While the Shewhart Cycle of PDCA is helpful and is widely practiced by many companies that have adopted lean manufacturing and A3 Thinking and A3 Problem Solving, lean process management as it is practiced inside of Toyota is formally called the Toyota Business Practice, or TBP. On its face, the Toyota Business Practice seems to be a departure from PDCA, but it’s really a more specific articulation of PDCA.
There are many similarities with the PDCA cycle, but ultimately PDCA was too broad and Toyota found it appropriate to be more specific. The 8 steps of the Toyota Business Process are:
- Clarify the problem
- Breakdown the problem
- Set a target
- Analyze the root cause
- Develop countermeasures
- See countermeasures through
- Evaluate both results and process
- Standardize successful processes
Toyota Business Practice and PDCA and A3
Thanks to Jon Miller, we have the 8 steps written below in the original Japanese. The original Japanese shows us the subtle differences between PDCA and the Toyota Business Practice. According to Jon Miller’s linguistic analysis, he claims that
Step 1 “Set a target” seems a bit loose while Japanese contains the word “achieve” that plants the idea that targets are things that must be met. Step 4 is not “analyze” but “think through” or “think until you find” and step 8 in Japanese doesn’t talk about “standardize” (this being an implied part of the Toyota WOW) but instead stresses that the results muse become “established” or “take hold”.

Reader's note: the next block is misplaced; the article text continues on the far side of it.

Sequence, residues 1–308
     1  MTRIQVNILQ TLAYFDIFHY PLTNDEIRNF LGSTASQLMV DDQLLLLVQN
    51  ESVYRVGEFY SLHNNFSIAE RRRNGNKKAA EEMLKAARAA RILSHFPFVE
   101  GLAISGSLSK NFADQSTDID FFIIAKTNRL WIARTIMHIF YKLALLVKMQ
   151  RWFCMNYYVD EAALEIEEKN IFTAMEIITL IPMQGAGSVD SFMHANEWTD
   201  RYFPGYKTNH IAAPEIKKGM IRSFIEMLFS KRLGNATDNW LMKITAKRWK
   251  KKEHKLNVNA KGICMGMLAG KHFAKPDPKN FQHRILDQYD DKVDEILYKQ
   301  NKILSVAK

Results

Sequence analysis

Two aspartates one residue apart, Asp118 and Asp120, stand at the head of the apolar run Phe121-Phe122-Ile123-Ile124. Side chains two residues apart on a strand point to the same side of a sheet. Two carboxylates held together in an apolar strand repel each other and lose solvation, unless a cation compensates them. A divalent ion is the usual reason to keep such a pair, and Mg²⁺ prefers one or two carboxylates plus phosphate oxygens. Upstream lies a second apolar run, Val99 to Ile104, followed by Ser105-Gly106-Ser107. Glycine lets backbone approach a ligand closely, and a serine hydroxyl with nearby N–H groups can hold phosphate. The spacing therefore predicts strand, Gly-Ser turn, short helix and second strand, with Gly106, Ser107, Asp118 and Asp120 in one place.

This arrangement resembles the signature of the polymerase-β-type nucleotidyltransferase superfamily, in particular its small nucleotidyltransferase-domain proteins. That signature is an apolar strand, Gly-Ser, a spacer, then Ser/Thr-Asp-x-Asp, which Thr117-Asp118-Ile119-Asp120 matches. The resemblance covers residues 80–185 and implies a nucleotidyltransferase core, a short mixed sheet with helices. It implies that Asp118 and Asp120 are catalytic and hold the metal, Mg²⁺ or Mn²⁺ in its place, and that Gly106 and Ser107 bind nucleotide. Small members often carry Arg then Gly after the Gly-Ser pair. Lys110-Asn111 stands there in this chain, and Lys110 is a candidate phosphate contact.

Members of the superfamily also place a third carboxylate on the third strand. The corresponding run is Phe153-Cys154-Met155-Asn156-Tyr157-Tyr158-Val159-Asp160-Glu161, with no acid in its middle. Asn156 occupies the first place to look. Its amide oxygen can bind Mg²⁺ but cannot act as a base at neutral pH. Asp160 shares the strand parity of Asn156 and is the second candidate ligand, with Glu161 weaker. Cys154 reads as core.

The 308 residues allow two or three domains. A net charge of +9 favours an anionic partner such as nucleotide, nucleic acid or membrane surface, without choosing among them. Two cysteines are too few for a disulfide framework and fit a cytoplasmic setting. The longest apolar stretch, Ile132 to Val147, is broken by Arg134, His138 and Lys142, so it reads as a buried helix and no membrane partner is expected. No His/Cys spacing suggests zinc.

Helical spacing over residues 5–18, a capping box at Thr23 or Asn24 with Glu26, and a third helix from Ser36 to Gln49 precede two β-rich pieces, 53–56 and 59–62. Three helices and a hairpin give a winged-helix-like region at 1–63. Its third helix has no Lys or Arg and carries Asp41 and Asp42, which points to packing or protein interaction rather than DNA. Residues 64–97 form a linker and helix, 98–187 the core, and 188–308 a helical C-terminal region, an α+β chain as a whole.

Ultimately, PDCA and the Toyota Business Practice, lead to the final product, known as the A3 Report. Comparatively, below is a table showing the the similarities between PDCA and the Toyota Business Practice:
ãƒˆãƒ¨ã‚¿ã®ä»•äº‹ã®ä»•æ–¹8ã‚¹ãƒ†ãƒƒãƒ— (the 8 steps of the Toyota Way of Problem Solving)
- å•é¡Œã‚’æ˜Žç¢ºã«ã™ã‚‹ (clarify the problem)
- å•é¡Œã‚’ãƒ–ãƒ¬ã‚¤ã‚¯ãƒ€ã‚¦ãƒ³ã™ã‚‹ (breakdown the problem)
- é”æˆç›®æ¨™ã‚’æ±ºã‚ã‚‹ (set the target to be achieved)
- çœŸå› ã‚’è€ƒãˆæŠœã (think through to the true cause)
- å¯¾ç–ã‚’ç«‹ã¦ã‚‹ (develop countermeasures)
- å¯¾ç–ã‚’ã‚„ã‚Šã¬ã (follow through on the countermeasures)
- çµæžœã¨ãƒ—ãƒã‚»ã‚¹ã‚’è©•ä¾¡ã™ã‚‹ (evaluate the result and the process)
- æˆæžœã‚’å®šç€ã•ã›ã‚‹ (make sure the results take hold)
Below is a video showing the development and nuances of the Toyota Business Practice and it’s relationship to both PDCA and the A3 Report. What do you think? How will adopting the Toyota Business Practice help you and your organization improve its Lean Training?